They were right

African Methodist Episcopal Church Cemetery 10-28-2014Dennis and Tom were right. Just west of Hwy 61 on KK was the African American Church Cemetery marked by a sign that listed some of the names and family histories of those interred there.

Alexander Hull died in 1898

African Methodist Episcopal Church Cemetery 10-28-2014Alexander Hull was born in 1892, and died in 1898, before his 5th birthday. His stone was one of the easiest to read. It looked like it had been reattached to its base recently

Graves at quarry edge

African Methodist Episcopal Church Cemetery 10-28-2014When I strolled down the hill into a wooded area, the quarry popped into view. This grave was almost at the edge of a dead (pun not intended) drop-off. I could only wonder how many bones had been crushed along with the limestone over the years.

A huge hole

African Methodist Episcopal Church Cemetery 10-28-2014I’m going to guess the stone walls rising above the water are at least 75 to 100 feet tall. Apple Creek runs between the quarry and the farmland in the background. It must have been a challenge to keep ahead of the water when it was an active quarry.

Didn’t feel like exploring

African Methodist Episcopal Church Cemetery 10-28-2014I didn’t spend much time walking around that area of the graveyard. The ground sloped down toward the quarry and some of the overburden didn’t look stable. I had no desire to end up as a splash or worse.

Nature’s color palette

African Methodist Episcopal Church Cemetery 10-28-2014The late-afternoon sun and fall leaves made it a place of quiet beauty. A quick Google search didn’t turn up much information about the cemetery or the church it served.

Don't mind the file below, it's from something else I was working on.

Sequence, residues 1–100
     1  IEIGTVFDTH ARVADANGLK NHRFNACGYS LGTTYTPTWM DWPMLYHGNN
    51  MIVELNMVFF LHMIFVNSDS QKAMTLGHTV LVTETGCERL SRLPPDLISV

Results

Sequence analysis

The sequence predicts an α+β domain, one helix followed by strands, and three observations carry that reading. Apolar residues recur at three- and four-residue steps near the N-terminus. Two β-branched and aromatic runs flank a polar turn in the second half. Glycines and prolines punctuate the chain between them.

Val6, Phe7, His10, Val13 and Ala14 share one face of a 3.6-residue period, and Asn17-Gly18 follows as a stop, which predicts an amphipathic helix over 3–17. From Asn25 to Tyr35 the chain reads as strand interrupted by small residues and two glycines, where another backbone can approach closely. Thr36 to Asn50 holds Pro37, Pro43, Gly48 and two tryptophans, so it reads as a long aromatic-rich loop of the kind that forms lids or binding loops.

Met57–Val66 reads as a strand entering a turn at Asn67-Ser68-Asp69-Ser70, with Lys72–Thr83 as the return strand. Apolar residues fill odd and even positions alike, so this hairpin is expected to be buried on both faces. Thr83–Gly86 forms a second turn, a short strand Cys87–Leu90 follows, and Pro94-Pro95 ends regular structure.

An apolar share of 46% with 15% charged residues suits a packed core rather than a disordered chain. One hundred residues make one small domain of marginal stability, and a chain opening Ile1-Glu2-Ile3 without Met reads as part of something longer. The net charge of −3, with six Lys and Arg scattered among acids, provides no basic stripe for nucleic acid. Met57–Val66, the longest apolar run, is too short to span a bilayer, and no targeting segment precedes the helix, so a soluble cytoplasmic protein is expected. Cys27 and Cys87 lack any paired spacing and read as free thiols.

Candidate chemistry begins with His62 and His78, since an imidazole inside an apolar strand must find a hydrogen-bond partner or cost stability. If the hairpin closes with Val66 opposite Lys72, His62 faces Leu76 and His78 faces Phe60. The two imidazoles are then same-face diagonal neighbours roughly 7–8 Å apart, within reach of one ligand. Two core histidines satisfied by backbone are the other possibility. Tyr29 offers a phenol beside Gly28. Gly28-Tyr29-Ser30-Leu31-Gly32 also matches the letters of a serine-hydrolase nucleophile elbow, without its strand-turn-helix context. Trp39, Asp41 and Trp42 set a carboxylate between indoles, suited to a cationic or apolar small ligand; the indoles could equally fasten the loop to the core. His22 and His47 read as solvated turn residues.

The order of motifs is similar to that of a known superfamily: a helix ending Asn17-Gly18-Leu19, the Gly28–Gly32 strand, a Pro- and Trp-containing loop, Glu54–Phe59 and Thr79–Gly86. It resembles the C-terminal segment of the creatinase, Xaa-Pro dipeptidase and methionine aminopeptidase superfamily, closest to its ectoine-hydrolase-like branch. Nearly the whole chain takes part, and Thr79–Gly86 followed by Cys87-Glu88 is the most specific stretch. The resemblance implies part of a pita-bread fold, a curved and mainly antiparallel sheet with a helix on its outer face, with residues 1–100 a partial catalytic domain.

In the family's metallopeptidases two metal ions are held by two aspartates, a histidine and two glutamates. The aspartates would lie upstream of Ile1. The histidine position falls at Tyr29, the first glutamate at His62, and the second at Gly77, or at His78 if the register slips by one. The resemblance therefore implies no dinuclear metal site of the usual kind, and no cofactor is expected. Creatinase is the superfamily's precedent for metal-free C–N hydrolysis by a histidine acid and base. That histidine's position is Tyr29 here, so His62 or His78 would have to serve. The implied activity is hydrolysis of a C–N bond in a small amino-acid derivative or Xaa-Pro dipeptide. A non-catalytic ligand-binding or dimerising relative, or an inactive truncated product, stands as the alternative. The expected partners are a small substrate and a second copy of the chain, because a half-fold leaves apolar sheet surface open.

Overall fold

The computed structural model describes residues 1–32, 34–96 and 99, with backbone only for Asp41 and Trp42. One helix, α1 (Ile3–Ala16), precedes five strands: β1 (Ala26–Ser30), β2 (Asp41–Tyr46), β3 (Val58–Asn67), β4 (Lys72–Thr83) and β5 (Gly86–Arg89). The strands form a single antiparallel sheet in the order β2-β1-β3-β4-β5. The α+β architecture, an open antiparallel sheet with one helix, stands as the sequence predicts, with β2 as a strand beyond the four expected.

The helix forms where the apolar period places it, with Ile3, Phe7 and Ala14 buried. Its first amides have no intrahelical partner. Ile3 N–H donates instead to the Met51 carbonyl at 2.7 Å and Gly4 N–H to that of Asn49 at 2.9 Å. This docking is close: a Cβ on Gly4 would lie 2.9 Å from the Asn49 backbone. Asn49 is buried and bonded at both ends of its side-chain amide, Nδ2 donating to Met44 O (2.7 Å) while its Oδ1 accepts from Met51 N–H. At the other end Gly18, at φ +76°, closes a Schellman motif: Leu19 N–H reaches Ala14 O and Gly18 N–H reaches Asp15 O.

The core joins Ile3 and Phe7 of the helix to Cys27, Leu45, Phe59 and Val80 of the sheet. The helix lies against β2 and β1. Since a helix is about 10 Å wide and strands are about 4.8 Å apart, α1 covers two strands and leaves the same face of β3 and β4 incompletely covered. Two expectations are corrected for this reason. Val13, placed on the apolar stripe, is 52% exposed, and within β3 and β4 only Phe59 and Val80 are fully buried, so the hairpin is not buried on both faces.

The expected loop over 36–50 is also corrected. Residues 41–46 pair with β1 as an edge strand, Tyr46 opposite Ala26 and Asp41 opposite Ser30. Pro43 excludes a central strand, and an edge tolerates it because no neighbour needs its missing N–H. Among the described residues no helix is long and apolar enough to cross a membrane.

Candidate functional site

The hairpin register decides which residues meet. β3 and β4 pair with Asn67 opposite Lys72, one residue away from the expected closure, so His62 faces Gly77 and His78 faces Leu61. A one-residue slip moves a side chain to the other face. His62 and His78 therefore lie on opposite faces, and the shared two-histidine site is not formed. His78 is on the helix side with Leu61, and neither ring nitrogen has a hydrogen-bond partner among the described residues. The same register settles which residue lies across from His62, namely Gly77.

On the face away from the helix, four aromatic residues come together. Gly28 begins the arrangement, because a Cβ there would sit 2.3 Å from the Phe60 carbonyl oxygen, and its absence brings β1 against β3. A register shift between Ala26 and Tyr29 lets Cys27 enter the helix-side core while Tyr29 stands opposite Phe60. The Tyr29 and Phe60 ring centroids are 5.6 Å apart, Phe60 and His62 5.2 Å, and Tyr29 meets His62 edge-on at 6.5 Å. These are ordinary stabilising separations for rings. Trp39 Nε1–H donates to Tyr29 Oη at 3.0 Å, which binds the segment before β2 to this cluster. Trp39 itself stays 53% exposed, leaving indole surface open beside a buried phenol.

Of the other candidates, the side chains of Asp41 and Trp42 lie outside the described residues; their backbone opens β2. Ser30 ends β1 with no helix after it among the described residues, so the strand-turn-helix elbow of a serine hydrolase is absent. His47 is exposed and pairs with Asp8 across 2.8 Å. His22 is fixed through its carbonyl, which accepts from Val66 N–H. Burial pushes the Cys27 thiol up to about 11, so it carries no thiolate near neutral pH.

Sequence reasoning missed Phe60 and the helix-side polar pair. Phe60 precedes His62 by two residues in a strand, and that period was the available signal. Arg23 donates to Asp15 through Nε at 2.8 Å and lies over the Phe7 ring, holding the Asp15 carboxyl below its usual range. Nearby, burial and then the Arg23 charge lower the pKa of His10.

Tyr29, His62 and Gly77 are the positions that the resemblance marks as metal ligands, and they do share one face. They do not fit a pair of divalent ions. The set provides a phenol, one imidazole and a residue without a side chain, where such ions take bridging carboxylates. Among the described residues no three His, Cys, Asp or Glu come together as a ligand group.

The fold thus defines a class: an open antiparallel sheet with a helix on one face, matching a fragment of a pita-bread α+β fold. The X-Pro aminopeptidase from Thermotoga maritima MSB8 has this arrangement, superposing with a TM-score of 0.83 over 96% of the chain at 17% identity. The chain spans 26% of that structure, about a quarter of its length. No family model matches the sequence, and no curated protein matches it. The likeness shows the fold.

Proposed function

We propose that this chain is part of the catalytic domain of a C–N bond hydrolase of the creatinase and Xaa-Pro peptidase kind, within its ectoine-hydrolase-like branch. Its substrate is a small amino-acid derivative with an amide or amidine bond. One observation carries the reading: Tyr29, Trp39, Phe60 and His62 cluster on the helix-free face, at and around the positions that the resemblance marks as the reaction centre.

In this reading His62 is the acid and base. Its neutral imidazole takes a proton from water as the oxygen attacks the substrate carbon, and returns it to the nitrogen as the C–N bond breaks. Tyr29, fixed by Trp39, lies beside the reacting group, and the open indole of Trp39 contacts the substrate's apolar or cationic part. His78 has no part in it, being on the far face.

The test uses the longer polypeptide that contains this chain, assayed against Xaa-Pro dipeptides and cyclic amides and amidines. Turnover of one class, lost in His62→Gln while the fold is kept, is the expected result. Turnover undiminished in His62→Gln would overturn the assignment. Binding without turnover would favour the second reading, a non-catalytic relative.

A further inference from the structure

Blasting area

Old Appleton Quarry 10-28-2014I’m sure the cemetery is a lot more peaceful since it’s neighbor, the old Appleton Quarry, has ceased blasting.

Quarry from the air

Aerial Old Appleton Quarry 04-17-2011This aerial photo taken in 2011 clearly shows how the quarry left a little plug of land where the cemetery is located. It’s much like how the cement plant quarry has mined around the Natatorium.

Click on the photos to make them larger.

 

 

 

Old Appleton Quarry

Aerial Old Appleton Quarry 04-17-2011You don’t realize how many quarries there are in Southeast Missouri until you fly over the area in a small plane. When Ernie Chiles and I went on a photo mission that took us up to Perry County in 2011, we passed over Old Appleton on the way home.

There is one HUGE pit on the west side of Hwy 61 at the intersection of  State Hway KK just south of Old Appleton. The brown water in the foreground is Apple Creek.

I couldn’t find much information on the quarry. There are still piles of gravel around, so it may still be active.

When I searched for quarries and Old Appleton, the only thing that popped up was a vague reference to Martin Marietta Aggregates, 224 State Hwy KK. A website not affiliated with the company (so far as I could tell) said that it has an estimated annual revenue of $2.5 to $5 million and employees 10 to 19 people.

Quarry photo gallery

Here some views of the quarry from other angles. Click on any photo to make it larger, then use your arrow keys to move through the gallery.